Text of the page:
This drunken driver deliberately tried to get around cars stopped in his lane, invading the opposite lane in which my wife was driving. He could have caused a head-on collision, which my wife avoided by veering right but got hit on the driver’s side.
Anybody who drives under the influence and hits another vehicle or a pedestrian who survives, should be charged with attempted murder the first time. Do not wait for a second time; it could be too late.
As adults, we are very aware of how much damage a vehicle can cause. If a drunken person puts everybody at risk, then that person should pay by spending a long time in jail.
Francisco Castanos, Sacramento
Questioning Muslim leaders
Re “Muslims stand up for peace” (Our Region, Jan. 12): I truly appreciate that local Muslims came out in significant numbers to protest the behavior of the Paris Islamist terrorists.
But I have a few questions to which I would seriously like to hear their answers: Is it legitimate for apostasy to be a capital crime in any country in the world? Is it legitimate for apostasy to be a crime at all in any country in the world? Ditto for blasphemy. Ditto for adultery?
Stoning? For anything at all? How do you feel about Saudi Arabia giving 100 lashes weekly to a young blogger for 20 weeks, merely for expressing his opinion? Should women have the same rights as men in every country in the world?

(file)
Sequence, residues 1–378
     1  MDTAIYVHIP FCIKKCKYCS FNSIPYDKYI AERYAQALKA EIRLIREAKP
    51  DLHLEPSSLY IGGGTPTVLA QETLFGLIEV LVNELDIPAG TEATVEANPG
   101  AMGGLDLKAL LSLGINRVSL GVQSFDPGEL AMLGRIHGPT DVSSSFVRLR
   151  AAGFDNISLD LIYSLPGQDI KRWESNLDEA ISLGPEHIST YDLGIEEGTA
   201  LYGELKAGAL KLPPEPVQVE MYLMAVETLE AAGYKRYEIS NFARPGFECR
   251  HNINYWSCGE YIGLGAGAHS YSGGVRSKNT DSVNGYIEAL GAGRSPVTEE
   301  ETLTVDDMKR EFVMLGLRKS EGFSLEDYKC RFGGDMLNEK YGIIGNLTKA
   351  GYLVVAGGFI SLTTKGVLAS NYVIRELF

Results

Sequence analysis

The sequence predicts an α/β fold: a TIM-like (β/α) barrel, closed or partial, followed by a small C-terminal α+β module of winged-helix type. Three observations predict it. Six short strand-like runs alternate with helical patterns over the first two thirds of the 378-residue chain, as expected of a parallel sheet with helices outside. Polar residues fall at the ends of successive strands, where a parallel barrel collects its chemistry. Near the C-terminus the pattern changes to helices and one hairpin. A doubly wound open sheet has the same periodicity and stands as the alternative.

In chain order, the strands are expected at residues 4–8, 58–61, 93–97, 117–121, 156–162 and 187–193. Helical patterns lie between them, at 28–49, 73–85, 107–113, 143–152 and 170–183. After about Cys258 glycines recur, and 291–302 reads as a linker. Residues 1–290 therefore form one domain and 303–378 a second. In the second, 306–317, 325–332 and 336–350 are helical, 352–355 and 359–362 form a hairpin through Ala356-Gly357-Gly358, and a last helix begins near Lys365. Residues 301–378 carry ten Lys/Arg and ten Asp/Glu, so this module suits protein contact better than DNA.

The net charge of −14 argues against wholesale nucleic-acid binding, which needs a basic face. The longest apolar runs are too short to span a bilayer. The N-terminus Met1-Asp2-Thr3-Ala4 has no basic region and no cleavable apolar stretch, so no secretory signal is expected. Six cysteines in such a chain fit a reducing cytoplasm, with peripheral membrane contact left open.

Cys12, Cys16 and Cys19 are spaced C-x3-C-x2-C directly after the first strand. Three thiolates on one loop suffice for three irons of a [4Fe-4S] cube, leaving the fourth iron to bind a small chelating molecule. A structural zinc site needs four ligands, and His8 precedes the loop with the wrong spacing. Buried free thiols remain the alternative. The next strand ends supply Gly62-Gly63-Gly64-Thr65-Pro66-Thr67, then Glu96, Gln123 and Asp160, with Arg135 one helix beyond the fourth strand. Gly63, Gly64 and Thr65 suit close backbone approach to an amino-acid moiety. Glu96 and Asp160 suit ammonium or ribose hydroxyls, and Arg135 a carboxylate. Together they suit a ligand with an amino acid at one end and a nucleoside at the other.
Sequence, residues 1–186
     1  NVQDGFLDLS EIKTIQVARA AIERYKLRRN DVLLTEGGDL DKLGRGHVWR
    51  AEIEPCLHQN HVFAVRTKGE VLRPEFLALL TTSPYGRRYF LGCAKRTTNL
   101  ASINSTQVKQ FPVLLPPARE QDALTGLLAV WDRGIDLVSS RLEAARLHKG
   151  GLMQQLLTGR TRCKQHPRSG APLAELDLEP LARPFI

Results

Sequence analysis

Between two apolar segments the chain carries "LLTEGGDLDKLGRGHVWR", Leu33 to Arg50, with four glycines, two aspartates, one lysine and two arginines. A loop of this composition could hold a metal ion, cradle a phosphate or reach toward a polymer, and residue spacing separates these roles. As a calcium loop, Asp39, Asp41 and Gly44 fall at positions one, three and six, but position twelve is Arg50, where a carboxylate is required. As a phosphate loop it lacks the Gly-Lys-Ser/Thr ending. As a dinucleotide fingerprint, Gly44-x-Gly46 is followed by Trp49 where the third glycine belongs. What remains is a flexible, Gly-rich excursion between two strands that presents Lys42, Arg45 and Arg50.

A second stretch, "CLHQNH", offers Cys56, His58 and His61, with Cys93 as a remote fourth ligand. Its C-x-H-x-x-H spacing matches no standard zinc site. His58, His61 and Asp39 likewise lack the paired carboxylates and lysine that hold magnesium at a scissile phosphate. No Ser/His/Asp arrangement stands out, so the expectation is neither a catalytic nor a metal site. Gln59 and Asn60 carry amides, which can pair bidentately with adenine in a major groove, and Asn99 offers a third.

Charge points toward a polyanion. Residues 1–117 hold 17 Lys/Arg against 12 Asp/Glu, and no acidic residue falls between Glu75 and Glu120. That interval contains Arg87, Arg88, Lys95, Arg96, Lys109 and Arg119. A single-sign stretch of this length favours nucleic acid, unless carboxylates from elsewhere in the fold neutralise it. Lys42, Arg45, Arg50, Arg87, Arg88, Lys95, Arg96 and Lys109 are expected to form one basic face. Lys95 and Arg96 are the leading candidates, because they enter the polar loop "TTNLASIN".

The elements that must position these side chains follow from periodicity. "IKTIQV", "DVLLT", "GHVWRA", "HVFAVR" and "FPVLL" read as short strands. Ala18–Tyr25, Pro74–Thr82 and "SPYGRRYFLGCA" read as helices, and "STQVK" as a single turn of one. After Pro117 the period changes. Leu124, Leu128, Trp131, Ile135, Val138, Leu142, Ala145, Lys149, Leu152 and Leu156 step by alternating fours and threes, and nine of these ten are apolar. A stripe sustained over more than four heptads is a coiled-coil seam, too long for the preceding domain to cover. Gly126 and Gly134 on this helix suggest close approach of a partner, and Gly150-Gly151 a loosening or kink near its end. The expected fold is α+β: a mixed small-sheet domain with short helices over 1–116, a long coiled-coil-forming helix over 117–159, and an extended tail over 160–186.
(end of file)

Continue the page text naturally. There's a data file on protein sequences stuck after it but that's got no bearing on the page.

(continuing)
I believe in tolerance but I don't think I could tolerate what I regard as the wrong answers to these questions.
Gabriel Lewin, Davis
Send aid to terrorist victims
After another brutal killing of innocents by Muslim terrorists brings a strong denunciation by our area Muslims headed by Iman Mumtaz Qasmi, as well as Ras H. Siddiqui, of the American Muslim Voice Foundation we are left to wonder: Have they united to send relief and generous financial aid to the victims? Is that aid now on the way?
Jack Peiffer, Sacramento
Radical Islam akin to Nazis
The date and place of WWIII began on Sept. 11, 2001. The war is Islam against all other religions. Individual Muslims can say they’re not terrorists, but they’re irrelevant.
ISIS, Al Qaeda, Boko Haram, Taliban, Hamas, these are the armies of Islam. Like all wars, there will be civilian collateral damage. In this case, collateral damage will be the individual Muslims claiming innocence.
If the world leaders do not band together soon as they did in the 1940s against Nazi Germany, then the threat will only grow until every non-Muslim in the streets of every country lay dead in the blood-flowing gutters.
Stephane Charbonnier, Perris
We all are one